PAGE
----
At a follow up appointment the surgeon showed me my husband's scan and I was shocked but deeply thankful that he had come through something so dreadful. I guess that this is a matter close to my heart which is why I felt it worth mentioning.
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1 of 1 people found the following review helpful
3.0 out of 5 stars Disappointing, 4 Oct 2011
By 
P. Stephens - See all my reviews
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I've really liked all the Roy Grace novels up to now, but am really disappointed with this one. It's rambling, repetitive and just not up to Peter James' normal standard. Shame.
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1 of 1 people found the following review helpful
5.0 out of 5 stars Dead beat after staying up late reading it., 18 Feb 2010
By 
Another cracking read by Peter James. Superbly researched, with lots of moral issues raised that make you have a think about life's values. Another unputdownable book, that doesn't so much as keep you guessing but keeps making you read the next chapter..
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1 of 1 people found the following review helpful
5.0 out of 5 stars My eyes opened ...., 17 Feb 2010
By 
Superbly researched, this book exposes the horrendous trade in body parts for monetary gain and the desperate lives of the street kids of Romania. We hear about such "services" in the media but in Dead Tomorrow those offering them are shown to be devoid of all humanity. Those of us with children can empathise with Lynne in her bid to find a replacement liver for her daughter at all costs when the National Health Service grinds so incomprehensively and slowly. The shortage of organ donors in the UK is highlighted and should prompt every reader to carry a donor card. This would be such a positive legacy of Dead Tomorrow. The Police underwater search unit is well portrayed with some new characters but Roy Grace's "team" engages us as ever - Glenn's continuing marital problems and Norman's un-PC behaviour being developed. Roy's own personal happiness with Cleo shines through but the spectre of Sandy still floats over the story. More great Brighton and Hove locations too. As ever, the various "strands" of story cleverly weave ever closer till the last page is reached. Another unputdownable book from Peter James.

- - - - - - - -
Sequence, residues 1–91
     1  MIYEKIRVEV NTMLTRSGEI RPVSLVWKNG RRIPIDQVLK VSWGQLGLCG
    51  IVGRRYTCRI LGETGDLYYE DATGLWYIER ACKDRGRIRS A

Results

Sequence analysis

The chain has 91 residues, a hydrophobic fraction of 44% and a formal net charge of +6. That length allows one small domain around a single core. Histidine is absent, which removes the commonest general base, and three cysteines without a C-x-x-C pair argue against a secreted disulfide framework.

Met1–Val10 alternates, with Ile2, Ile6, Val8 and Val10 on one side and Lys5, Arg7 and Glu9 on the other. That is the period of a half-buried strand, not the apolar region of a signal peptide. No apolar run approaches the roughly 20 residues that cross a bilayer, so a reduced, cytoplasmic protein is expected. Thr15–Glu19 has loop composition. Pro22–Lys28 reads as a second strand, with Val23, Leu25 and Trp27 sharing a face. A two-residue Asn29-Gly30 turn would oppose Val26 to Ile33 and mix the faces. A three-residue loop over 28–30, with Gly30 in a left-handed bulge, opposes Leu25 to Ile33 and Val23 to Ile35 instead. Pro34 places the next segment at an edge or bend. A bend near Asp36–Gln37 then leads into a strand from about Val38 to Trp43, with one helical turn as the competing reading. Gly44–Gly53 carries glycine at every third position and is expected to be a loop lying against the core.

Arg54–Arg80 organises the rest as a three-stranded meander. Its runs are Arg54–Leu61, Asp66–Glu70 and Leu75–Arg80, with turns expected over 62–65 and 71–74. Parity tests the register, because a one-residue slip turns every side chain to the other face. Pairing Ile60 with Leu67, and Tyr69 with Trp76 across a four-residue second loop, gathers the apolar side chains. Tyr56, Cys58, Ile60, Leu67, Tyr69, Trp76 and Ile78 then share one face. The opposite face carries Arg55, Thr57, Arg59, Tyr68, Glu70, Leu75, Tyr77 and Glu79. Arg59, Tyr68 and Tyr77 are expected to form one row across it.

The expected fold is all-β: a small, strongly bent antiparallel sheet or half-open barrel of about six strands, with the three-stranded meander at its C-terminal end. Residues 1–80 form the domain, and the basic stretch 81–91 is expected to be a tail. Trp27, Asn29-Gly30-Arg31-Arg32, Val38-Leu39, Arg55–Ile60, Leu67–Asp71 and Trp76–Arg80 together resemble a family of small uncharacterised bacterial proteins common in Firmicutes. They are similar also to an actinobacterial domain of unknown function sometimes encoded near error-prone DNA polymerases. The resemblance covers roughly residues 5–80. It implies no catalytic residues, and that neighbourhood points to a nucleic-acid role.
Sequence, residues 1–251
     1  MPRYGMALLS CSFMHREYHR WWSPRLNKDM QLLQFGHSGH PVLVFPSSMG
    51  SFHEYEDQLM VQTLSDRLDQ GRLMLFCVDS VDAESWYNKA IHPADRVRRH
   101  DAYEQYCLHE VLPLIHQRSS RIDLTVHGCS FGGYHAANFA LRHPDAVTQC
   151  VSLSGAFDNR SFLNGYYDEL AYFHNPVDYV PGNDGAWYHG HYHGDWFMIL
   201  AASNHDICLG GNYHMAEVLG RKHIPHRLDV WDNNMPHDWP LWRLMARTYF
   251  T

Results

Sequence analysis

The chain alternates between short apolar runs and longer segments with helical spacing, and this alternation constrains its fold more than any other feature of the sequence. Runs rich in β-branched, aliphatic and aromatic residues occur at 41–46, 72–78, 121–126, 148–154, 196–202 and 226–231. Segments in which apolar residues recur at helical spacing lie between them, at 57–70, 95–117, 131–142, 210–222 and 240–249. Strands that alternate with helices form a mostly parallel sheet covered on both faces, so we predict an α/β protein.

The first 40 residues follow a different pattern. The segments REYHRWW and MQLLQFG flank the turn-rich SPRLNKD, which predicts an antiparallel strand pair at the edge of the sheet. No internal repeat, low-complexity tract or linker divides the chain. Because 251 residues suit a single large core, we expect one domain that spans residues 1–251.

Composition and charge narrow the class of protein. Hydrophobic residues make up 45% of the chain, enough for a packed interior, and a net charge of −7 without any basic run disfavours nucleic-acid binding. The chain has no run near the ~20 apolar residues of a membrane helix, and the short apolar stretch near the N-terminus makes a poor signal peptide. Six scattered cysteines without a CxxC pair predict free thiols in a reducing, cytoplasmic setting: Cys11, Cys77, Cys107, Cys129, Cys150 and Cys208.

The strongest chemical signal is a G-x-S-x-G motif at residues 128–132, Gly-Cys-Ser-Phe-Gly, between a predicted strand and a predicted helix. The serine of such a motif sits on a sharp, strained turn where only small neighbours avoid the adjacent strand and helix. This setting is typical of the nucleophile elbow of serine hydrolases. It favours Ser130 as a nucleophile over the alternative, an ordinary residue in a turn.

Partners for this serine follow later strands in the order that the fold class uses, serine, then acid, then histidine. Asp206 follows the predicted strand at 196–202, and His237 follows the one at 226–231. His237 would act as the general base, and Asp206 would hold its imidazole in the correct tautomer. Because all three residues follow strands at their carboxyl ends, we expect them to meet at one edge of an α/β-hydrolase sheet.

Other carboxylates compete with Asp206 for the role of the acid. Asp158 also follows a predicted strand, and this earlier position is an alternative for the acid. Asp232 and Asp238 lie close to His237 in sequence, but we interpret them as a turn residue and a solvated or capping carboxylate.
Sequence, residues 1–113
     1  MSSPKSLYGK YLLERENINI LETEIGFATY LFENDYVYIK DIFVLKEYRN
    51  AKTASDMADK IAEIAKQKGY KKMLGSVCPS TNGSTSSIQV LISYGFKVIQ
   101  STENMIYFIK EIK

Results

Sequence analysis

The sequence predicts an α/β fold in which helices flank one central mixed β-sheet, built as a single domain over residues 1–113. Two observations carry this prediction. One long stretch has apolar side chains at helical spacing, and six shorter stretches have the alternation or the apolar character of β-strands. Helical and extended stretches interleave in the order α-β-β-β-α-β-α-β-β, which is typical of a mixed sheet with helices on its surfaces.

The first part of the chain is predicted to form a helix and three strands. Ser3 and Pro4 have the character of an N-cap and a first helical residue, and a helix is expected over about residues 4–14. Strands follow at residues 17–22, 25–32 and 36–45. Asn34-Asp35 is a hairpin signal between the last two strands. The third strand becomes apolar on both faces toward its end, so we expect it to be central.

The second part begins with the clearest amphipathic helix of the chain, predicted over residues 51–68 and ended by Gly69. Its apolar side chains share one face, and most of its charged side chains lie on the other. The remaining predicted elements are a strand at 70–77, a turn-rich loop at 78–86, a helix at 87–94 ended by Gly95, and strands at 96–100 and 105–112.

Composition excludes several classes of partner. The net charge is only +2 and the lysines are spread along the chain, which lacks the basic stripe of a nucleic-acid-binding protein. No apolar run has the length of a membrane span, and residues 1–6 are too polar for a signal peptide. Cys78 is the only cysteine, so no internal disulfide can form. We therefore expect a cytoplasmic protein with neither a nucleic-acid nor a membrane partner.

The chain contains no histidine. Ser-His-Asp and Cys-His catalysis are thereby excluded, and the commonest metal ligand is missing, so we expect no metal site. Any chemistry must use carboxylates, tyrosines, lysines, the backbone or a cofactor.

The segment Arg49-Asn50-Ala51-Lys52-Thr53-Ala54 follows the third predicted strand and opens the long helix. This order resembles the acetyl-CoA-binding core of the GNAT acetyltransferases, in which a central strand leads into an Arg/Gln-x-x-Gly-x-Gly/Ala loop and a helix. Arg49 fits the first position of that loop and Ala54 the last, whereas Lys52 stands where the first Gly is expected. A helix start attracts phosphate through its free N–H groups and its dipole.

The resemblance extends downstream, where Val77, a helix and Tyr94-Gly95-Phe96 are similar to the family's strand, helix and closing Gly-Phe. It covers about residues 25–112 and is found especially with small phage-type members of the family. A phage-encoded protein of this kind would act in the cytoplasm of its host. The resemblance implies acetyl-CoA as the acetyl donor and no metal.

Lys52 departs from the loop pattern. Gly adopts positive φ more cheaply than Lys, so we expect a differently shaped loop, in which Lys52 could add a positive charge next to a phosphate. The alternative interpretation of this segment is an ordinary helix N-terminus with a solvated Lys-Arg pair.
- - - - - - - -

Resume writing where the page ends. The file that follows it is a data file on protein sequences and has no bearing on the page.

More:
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1 of 1 people found the following review helpful
5.0 out of 5 stars A great crime thriller, 16 Feb 2010
By 
J. Ingram - See all my reviews
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For all fans of crime fiction, I would recommend this book and this author. Something happening on every page, lots of different characters involved but easy to follow. A real page turner. I have already read one other Roy Grace story (Looking Good Dead)which prompted me to read this one and I wasn't disappointed. I look forward to reading more of this series.
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Dead Tomorrow (Ds Roy Grace 5)
Dead Tomorrow (Ds Roy Grace 5) by Peter James (Paperback - 7 Oct 2011)